After that I put Jess to work…we went to the office, printed out materials for the essential meeting I had planned with our ALA finalists, and headed out to pick some of them up. The point of the meeting was on the applications and on the Interview preparation process. Jess was incredibly helpful, and it was so nice to see her automatically being welcomed into the KF family. Our students absolutely loved her, and felt comfortable around her right away. These students have defined my experience here. They have impacted my life in a profound and permanent way, and seeing the ease with which my friend connected with them meant more to me than I can express. After the meeting, Jess and I drove some of our students back home, taking an eerie shortcut through the Lusaka night over dusty, pot-hole laden dirt roads that wind through the compounds. One would think that would be enough for someone’s first day in Africa, but to top it all off, we went to a Passover Seder at the Grassroot Soccer House (which was a great way for her to meet many of my closest friends).

The next day we went to the Tuesday vegetable market, bartered like crazy, and acquired all manner of fruits and vegetables for dinner. After stopping by Kamwala (a busier market near town) for some chitenge (Jess wanted to make a dress, I wanted to make a bag for my bongo). We grabbed lunch with some friends at my favorite local nshima restaurant (which serves all sorts of local vegetables, game meats, and more). Then we headed back home and prepared for dinner with Steve and Alla (fried pumpkin with brown sugar, fresh salad with tomatoes and avocados, mango chutney pork). There’s something inherently refreshing about shopping and making dinner with fresh ingredients from the market, something I will greatly when I leave Africa.
Wednesday was full of errands…dropping off chitenge at the tailor (a toothless man with an ancient sewing machine and an umbrella parked outside a shopping complex near my house), getting a goodbye present for my roommate who was leaving, and packing my things so I could move out the next day (they really did come at the busiest possible time!). I also brought Jess to two of our schools, introduced her to some of the teachers and staff. Everyone took to her right away, and Mrs. Lungu, who was about to embark on a trip to Spain, was eager to get Jess’s advice (she had spent a full year there studying abroad). Again, I remember feeling so relieved at how easy all of this was…somehow, it was beginning to feel completely and totally natural, as if Jess had been living in Zambia for months.

That night we went to a goodbye dinner for Oliver at Mahak (our favorite rundown Indian restaurant with famous for its all you can eat, who was leaving Zambia the next day. It was unfortunate that he was leaving in the middle of all this craziness…Oliver had been such an important part of my life here; we came in at the same time and went through much the adjustment process together. I was fortunate to have him here. I know he will be a close friend for the rest of my life, but it was still strange and difficult to accept that the first of my core sources of support here was leaving. I had to leave soon after we arrived to pick up Zack, who was getting in that night. I have known Zack since the third grade, and he has been my best friend ever since. For me Zack is one of the people who, no matter how long we go without speaking, somehow things never change. And the randomness with which he decided to come was strangely fitting…one day I got a message saying…”when would be the best time to come see you?” A week later he forwarded me his flight itinerary. That simple. Zack is currently on an epic trip across the world before he starts medical school at Cincinnati, and a first trip to Africa (and any developing region) was first on his list. On the way there I got a call from him saying that he had cleared customs and was all set (which was weirder than I had expected…to hear Zack’s voice on a phone in Zambia). I rushed to the airport and picked up my best friend. Again, I felt this wave of gratitude and disbelief. I felt like things were coming together, that pieces of my very disconnected life were being fused together in an unexpectedly intentional way.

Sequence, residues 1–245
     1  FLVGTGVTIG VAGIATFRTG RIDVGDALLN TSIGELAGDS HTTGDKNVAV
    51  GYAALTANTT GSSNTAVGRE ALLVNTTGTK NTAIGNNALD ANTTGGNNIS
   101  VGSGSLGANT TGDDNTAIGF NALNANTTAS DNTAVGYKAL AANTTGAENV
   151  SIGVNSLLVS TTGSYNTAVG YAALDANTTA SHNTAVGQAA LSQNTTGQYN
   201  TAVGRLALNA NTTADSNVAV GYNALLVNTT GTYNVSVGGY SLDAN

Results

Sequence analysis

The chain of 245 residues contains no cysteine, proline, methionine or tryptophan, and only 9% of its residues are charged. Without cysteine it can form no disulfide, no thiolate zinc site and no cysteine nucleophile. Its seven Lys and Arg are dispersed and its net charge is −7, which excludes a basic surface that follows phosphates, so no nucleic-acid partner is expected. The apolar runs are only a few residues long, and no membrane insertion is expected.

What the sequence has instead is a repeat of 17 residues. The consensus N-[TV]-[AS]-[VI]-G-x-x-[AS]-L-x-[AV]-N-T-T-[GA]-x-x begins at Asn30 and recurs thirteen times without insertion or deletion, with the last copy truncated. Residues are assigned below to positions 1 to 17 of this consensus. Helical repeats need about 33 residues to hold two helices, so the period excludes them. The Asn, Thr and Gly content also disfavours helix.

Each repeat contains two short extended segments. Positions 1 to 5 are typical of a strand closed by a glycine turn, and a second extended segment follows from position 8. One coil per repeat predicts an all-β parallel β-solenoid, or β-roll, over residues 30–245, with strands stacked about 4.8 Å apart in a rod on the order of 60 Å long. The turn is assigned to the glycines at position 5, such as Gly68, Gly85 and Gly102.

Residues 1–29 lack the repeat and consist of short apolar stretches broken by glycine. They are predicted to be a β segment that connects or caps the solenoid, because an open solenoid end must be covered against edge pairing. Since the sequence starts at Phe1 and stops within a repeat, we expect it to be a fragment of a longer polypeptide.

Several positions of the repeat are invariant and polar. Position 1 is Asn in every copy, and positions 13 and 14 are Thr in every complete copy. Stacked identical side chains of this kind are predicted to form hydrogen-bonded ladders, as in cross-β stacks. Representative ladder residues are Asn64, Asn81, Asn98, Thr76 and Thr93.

We launched into conversation, driving down the pitch black road toward town. Again, I didn’t give my friend much (or any time) to adjust, driving straight back to dinner, where Zack met all of my friends and listened, exhausted, to silly yet heartfelt goodbye speeches.

The next morning I woke up early to bring Oliver to the airport. The sun was rising, and we had one last epic car ride to Springsteen’s live version of Atlantic City in New York. It was hard to say goodbye, but I was lucky enough to have my best friends there waiting for me at home.

Zack was jetlagged, and unsurprisingly, awake at 7 am, so we went for a run down my favorite tree-lined path down Independence Avenue past the State House. I told him everything, about my life, about Zambia, about my kids, about the frustrations and joys I had experienced over the past 10 months. When we got back to the house Jess was awake, so we took a walk to the only café in Zambia that sells bagels, enjoying the bright sunlight easy lull of the late Lusaka morning. I still had work to do, so I enlisted Zack to help. We met Edna, Bwalya, and Gaella in Garden Compound to collect applicants and visit some of my students families at their homes. Zack and Jess got along with my students so easily, and it was wonderful introducing them to the families and communities that had come to define my life here. There was a moment I remember when Zack and Jess were crammed into the back of my SUV with two of my students as we navigated the bumpy and treacherous dirt road (perhaps moving a little too quickly, considering we were bobbing up and down uncomfortably). Everyone was laughing and joking (mostly at my expense), and I suddenly couldn’t help but feel like this unpredictable yet steady logic that had come to define my post-college life was somehow there, in that car, with two of my best friends in the entire world, and three of KF’s most unique students. Somehow it all made sense, my life and all of its contradictions, its bumps and unexpected turns.

We spent the rest of the night moving out of my house into my new place, making copies of the students’ applications to hand out to a Zambian volunteer for review, and packing for Livingstone and Kariba. The week had been absolutely packed, and it would only get busier.

More to come…

1 comment:

  1. It's great that you got to share your experience with your friends. It will mean even more when you get back and want to have people who understand what you have been doing.